Use a solution of equal parts of white vinegar and water to clean your radiators. First dust and use a paint brush to get the dust out of the crevices and corners. Soak a cloth in the vinegar/water solution and clean.
Anytime of the year is the time to clean your beds. I’m not talking about changing your bed linens – I’m talking about cleaning your beds! Remove your box spring and mattress and vacuum your bed frame and all around your bed boards. Wipe down your bed frames with a water and white vinegar mixture. Clean wooden bed boards with linseed. This will even ward off mold. Vacuum your box spring and mattresses and make your bed. If it’s a nice day – just open the windows wide and let everything air out for a couple hours before re-assembling.
Wash your blankets before putting away for the season or for just washing, with mild soap and water, adding a little baking soda or borax to the water – usually about ¼ cup per load.
Vacuum pillows to remove dust mites, place in the clothes dryer and tumble on air without heating the pillow and stuffing. If you try to wash a pillow, the stuffing will clump make hard lumps. Foam pillows are the only ones you can wash. Dry thoroughly to prevent mold and mildew. Occasionally feather pillows can be washed, they will still clump and if not dried thoroughly will have mildew and mold growing inside. Always keep pillows dry and use pillow covers. Washing pillow covers is much easier.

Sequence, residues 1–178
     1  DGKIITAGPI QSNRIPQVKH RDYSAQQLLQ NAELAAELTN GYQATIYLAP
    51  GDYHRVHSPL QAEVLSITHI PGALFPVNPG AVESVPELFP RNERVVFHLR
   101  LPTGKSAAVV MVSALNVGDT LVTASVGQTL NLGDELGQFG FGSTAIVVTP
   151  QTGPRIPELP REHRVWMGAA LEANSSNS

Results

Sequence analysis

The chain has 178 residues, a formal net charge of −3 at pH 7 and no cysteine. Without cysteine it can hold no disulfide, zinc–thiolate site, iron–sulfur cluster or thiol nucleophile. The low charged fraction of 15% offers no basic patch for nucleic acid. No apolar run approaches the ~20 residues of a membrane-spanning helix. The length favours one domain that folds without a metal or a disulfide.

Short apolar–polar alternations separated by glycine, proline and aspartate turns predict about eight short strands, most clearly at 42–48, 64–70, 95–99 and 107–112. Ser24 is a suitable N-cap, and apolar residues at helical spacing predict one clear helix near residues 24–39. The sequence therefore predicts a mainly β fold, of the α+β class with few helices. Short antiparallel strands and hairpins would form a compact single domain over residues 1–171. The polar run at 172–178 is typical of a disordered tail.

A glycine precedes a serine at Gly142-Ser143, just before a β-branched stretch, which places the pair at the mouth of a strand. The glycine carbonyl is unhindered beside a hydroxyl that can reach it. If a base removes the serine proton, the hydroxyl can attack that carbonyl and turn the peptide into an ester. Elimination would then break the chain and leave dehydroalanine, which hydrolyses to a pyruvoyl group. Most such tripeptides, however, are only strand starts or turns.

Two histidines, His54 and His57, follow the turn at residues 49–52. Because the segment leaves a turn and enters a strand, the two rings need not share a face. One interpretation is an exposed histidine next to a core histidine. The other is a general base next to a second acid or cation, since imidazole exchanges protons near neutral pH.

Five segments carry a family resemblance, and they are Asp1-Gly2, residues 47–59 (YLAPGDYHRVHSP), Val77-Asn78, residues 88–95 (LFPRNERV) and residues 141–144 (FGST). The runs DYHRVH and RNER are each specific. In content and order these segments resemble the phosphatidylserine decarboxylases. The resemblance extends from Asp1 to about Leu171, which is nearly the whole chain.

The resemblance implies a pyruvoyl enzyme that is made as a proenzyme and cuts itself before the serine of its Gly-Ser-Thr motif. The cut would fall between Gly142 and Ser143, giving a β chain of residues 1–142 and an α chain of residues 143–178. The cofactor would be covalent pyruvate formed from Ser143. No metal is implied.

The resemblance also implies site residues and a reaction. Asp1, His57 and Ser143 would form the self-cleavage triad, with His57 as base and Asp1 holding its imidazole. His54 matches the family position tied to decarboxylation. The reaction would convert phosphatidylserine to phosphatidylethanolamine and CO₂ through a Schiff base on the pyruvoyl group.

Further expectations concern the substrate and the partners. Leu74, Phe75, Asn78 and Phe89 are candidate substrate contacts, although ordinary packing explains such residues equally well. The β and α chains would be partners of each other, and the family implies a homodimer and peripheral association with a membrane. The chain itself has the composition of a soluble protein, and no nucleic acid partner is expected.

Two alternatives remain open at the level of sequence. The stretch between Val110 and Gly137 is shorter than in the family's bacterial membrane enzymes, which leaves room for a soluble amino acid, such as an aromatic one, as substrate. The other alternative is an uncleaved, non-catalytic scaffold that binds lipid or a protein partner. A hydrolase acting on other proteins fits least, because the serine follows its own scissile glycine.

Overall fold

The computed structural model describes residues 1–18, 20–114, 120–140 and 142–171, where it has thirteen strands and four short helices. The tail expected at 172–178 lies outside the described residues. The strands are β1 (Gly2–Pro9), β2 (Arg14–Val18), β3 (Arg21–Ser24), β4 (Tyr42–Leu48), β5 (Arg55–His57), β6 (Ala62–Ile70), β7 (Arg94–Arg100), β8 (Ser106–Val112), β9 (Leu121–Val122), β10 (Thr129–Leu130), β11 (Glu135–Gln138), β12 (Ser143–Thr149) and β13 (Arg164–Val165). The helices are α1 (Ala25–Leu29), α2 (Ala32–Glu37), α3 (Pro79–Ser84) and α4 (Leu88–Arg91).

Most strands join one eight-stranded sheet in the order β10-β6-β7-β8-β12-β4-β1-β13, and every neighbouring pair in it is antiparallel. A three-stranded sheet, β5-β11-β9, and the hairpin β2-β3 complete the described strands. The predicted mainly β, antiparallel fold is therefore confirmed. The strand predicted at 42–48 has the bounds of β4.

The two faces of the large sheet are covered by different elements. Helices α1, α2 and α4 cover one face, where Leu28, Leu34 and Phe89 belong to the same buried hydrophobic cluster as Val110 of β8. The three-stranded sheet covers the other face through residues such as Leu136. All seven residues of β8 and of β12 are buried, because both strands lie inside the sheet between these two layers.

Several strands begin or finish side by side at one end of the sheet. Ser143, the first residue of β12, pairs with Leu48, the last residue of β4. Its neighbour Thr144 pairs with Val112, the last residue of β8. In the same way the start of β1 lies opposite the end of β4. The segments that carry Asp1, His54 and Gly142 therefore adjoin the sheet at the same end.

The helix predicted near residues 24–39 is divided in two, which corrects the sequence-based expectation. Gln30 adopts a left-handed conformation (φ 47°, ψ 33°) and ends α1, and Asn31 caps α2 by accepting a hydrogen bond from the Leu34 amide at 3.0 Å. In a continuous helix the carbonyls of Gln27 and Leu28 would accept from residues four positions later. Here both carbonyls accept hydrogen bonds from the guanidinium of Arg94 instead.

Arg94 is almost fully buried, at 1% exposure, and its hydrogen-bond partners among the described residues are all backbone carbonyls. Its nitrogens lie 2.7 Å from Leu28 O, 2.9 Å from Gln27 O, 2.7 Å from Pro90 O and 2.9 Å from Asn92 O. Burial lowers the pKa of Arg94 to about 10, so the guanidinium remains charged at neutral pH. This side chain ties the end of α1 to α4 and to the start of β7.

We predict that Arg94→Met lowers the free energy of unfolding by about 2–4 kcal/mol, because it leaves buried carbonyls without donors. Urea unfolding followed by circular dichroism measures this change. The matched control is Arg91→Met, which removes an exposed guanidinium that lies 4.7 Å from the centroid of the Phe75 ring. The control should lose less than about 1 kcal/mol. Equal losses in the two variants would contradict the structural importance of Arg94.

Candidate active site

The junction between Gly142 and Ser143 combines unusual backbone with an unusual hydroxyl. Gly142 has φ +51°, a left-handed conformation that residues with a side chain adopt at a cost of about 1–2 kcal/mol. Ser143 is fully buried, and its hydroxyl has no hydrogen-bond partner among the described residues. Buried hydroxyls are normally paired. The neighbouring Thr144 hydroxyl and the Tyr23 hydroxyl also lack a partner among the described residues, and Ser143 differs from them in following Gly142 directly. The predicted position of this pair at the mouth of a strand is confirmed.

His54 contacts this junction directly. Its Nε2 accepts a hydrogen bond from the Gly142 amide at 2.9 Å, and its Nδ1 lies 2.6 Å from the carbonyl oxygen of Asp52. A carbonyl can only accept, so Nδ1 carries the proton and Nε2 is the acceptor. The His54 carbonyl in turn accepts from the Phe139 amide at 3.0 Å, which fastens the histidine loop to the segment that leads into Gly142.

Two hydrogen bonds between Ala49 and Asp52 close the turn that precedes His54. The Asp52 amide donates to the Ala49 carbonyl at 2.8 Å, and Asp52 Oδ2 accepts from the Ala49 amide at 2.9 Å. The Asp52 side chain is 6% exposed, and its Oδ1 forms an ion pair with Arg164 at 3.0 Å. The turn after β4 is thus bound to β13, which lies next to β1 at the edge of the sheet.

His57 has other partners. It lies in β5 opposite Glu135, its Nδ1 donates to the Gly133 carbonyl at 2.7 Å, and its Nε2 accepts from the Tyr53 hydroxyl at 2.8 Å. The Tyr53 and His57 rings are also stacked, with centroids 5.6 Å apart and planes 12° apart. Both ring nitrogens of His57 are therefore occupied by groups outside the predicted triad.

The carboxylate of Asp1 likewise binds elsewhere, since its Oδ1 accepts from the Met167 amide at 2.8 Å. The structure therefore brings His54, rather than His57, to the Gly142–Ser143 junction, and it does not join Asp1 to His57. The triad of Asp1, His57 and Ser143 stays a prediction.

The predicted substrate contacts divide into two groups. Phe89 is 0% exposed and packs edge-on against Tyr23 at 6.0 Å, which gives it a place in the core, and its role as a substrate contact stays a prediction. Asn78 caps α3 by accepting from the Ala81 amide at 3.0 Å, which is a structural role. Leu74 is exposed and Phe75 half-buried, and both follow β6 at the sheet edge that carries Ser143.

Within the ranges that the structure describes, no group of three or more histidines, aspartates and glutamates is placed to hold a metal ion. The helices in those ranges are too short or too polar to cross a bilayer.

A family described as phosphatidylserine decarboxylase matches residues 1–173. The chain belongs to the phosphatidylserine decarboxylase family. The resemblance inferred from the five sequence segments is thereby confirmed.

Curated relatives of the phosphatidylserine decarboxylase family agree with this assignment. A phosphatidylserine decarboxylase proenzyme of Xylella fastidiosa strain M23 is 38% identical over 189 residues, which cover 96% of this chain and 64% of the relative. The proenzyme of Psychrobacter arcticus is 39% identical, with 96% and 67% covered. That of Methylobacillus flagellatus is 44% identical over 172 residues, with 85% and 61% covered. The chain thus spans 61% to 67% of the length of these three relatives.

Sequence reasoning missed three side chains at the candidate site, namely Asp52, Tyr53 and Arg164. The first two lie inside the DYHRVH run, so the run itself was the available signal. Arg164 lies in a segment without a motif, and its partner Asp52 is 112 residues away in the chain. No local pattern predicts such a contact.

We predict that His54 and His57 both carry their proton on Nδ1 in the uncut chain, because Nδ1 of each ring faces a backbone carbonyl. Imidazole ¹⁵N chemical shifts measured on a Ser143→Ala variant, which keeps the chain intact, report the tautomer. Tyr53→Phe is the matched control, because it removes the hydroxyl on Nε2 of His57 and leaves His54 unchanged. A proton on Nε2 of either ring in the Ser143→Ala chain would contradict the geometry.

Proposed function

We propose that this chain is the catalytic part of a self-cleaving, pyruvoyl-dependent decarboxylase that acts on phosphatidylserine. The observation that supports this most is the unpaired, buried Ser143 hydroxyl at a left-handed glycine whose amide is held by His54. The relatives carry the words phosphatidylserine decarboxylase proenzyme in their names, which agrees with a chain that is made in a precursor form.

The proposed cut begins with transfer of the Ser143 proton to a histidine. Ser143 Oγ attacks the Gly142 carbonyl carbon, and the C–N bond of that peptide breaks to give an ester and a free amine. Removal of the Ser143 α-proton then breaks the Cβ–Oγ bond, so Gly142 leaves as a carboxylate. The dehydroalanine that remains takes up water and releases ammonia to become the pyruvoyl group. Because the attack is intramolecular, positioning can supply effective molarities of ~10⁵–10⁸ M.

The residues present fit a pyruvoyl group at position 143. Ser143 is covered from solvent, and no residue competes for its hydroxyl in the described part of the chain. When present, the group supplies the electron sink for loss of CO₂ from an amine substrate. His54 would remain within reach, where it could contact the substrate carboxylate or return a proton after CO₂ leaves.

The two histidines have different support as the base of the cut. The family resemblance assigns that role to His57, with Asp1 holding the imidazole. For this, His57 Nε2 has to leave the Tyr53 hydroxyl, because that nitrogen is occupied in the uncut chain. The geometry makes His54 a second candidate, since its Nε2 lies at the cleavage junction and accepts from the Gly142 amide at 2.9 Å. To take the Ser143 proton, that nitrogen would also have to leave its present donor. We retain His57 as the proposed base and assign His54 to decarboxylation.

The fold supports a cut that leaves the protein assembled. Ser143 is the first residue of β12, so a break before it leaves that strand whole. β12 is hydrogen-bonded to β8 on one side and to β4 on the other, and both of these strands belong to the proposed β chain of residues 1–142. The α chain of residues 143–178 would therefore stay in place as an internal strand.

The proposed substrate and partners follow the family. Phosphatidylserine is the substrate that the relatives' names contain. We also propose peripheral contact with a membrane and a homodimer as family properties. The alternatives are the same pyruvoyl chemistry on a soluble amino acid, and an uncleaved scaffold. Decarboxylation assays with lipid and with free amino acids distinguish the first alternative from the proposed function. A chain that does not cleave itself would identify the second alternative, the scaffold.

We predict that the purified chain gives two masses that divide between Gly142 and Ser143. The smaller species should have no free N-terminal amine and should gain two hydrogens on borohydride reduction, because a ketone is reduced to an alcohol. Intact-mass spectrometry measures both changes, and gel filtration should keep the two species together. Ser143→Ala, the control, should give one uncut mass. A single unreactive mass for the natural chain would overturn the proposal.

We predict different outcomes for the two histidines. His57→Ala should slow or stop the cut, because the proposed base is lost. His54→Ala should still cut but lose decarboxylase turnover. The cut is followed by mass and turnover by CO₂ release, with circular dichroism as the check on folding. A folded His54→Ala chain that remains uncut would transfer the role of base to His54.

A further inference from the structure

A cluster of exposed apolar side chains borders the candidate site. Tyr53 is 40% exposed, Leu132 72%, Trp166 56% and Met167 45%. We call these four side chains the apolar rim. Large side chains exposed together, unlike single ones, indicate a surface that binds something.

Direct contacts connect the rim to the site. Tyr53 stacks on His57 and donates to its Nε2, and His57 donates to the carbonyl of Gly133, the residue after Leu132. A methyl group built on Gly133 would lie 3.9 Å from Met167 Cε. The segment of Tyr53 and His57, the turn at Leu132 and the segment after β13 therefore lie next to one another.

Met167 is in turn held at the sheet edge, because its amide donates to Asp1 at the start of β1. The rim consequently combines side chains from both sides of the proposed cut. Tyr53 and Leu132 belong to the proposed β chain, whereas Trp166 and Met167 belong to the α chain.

For quilts, always check the washing instructions on the label. Many times a patchwork quilt will tear or the colors will bleed. Wash cotton quilts in warm water with ½ cup baking soda in a washing machine with a tub full of water. Add eight ounces of white vinegar to the rinse cycle. Hand wash quilts whenever possible to prevent ripping, shrinking, curling, or color bleeding.
When was the last time you cleaned your dryer – and I don’t mean just the lint trap! Use your vacuum to pick up all lint and wash the screen in the lint trap with a soapy cloth; rinse with a damp rag. Do not let any water get into the lint filter slot. Clean often to reduce the risk of having a dryer fire. When lint traps get clogged and overheated or the vent gets stuffed up with dust and dirt – fires start. And speaking of the vent to the outside (another fire starter) will also need to be cleaned.
Your iron will accumulate minerals inside. You can easily dissolve these mineral deposits using equal parts of water and white vinegar. Use distilled water, not tap water in your iron.